The use of vehicles in agricultural businesses is very diverse – from abnormal loads to low-loaders to harvesters to cattle transporters and horseboxes, or from bulk haulage of crops to small tractors operating predominantly on private land.
The regulation of operators, drivers and vehicles in the agricultural sector is more complex than those in passenger or traditional transport businesses. Maintaining compliance is particularly challenging due to the many different types of vehicles and trailers operated by agricultural businesses and their specific uses. Whether a regulation does or does not apply in a certain set of circumstances can be very subtle or complex.
Factors to consider include:
- there are numerous types of vehicle and trailer which all have specific driver licensing, annual testing and construction and use (C&U) requirements and there are some important changes being introduced in May 2018
- driver’s hours are defined by the size, nature and use of the vehicle – this will determine whether a tachograph is required under EU-rules. The use of tachographs normally brings drivers into road transport working times rules. If a tachograph is not required, drivers will normally still be subject to the GB domestic driver’s hours. The rules governing driver’s hours and working time often do not sit easily with the needs of an agricultural business, such as during a harvest where long hours and intense periods of work and driving are common
- the Driver CPC qualification may be necessary depending on the vehicle driven and its use (this is the requirement for all passenger and goods drivers to complete five-yearly cycles of 35 hours training). In this sector, drivers may drive different types of vehicles in numerous contexts that may or may not require Driver CPC
- some vehicles will be subject to operator licensing due to their size, nature and use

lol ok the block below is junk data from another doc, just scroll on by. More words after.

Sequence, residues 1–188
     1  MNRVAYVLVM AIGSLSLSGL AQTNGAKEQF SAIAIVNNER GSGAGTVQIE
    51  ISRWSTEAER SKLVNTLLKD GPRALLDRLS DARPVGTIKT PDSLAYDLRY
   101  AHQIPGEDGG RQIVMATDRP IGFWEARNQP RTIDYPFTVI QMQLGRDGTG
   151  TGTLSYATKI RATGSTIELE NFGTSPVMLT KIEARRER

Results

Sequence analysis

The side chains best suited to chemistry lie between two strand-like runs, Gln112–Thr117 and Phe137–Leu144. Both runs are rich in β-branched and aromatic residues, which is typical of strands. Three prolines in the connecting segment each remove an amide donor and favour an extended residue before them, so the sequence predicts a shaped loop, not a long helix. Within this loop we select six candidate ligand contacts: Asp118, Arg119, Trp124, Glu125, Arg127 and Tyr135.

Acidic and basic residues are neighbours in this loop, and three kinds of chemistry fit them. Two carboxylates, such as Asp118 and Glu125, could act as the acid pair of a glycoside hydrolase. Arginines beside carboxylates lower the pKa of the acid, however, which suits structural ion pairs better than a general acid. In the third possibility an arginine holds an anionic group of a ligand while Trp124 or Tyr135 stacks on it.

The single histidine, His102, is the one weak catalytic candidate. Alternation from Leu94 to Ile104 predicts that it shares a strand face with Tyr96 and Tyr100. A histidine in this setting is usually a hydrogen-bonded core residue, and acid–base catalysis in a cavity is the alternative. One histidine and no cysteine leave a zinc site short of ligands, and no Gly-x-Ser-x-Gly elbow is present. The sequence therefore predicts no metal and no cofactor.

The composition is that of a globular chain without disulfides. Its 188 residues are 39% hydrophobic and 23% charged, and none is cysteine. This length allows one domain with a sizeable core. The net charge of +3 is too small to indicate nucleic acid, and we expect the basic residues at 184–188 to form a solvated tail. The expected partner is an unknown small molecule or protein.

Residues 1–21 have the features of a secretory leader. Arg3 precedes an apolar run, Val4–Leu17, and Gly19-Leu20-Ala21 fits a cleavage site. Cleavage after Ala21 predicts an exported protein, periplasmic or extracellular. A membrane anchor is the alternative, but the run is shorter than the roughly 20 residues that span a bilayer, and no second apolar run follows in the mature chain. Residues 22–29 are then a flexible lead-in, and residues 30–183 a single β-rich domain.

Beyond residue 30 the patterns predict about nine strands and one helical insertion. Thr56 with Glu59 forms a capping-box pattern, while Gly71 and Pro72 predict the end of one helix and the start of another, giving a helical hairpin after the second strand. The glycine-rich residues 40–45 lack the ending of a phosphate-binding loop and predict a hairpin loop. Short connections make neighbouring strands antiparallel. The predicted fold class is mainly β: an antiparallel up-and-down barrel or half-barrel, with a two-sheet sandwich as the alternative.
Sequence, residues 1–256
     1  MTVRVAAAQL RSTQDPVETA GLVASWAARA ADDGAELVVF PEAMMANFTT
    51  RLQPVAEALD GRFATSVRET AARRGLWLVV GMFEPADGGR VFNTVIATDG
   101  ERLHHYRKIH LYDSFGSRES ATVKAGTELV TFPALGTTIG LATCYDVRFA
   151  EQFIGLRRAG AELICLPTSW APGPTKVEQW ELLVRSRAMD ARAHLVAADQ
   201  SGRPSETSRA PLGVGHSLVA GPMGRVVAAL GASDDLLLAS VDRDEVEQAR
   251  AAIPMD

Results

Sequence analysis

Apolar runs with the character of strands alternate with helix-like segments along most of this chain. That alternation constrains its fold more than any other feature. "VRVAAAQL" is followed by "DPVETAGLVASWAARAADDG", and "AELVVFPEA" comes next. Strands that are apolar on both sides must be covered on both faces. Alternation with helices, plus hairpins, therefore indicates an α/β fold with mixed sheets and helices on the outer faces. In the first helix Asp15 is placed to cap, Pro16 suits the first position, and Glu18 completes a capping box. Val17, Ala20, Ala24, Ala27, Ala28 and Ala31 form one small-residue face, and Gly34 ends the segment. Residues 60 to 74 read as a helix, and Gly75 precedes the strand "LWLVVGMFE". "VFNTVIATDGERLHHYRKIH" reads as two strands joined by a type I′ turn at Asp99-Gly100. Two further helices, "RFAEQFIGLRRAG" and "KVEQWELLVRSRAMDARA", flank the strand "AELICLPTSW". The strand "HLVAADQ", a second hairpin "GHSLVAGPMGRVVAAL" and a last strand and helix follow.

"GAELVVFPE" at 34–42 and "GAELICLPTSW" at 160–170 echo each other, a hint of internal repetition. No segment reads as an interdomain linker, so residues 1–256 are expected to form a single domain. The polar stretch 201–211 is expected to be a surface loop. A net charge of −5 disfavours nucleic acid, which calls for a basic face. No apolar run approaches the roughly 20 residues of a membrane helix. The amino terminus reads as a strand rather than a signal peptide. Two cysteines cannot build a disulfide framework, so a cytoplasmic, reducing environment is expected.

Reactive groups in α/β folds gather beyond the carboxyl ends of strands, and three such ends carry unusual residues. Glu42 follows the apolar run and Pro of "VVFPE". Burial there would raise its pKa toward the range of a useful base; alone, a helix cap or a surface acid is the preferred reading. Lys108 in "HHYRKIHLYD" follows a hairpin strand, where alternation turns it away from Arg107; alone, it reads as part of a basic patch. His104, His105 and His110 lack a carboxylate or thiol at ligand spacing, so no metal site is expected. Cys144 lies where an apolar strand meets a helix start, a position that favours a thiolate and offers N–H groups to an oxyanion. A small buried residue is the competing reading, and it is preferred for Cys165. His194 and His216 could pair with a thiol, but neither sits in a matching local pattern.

- whether vehicles are only used on private land or how much they operate on the public highway
- the permitted use of rebated fuel often referred to as ‘red diesel’ is often misunderstood
- other sector-specific regulations affecting vehicle use include animal movement rules covering journey times, welfare and strict cleanliness, etc.
The Driver and Vehicle Standards Agency (DVSA) carry out roadside enforcement to ensure businesses are operating safely and fairly. In this sector, this activity focusses on operator licencing, correct driver licensing, safe loads, excess weight, absence of or incorrect use of tachographs and roadworthiness standards resulting in vehicle prohibitions or prosecutions for poor standards.
Early advice is essential to be able to deal with investigations of any kind in the best way. These may start at the roadside and/or take place at your farm, office or operating centre. Often prosecutions occur where businesses believe they do not require a certain licence or think they are exempt from certain regulations. For example, there are a number of exemptions from the use of tachographs for certain agriculture activities but they are a very specific in scope so only apply if all criteria are met – otherwise the drivers’ hours rules must be fully complied with.
We can help advice with regard to:
- operator licensing (including operating centre objections
- driver licensing (including Driver CPC)
- EU and GB drivers’ hours rules / exemptions
- construction and use regulations (C & U)
- rebated fuel (including HMRC investigations)
- investigations/ prosecutions brought by DVSA, police, HSE etc.
Examples of the type of questions often posed, with which we can help you, are:
- do we have to comply with any drivers’ hours rules and are there any exemptions we can use?
- what type of driving licence is required?
- is Driver CPC (Certificate of Professional Competence) required?
- do we need an operator’s licence? If so, can you help us with the application process? Are there exemptions that would avoid the need for one?
- one of our vehicles has been stopped by the police/ DVSA and our business is being investigated. Can you assist?
- can we use rebated fuel for this activity (‘red diesel’)?
- do the road transport working time rules apply to our business?
- what are the road tax and testing rules for our vehicles and trailers?
- I run an equestrian business that involves a transport element – what rules do I need to comply with?
Please contact Tim Ridyard and Tim Norris in our Regulatory Team for advice.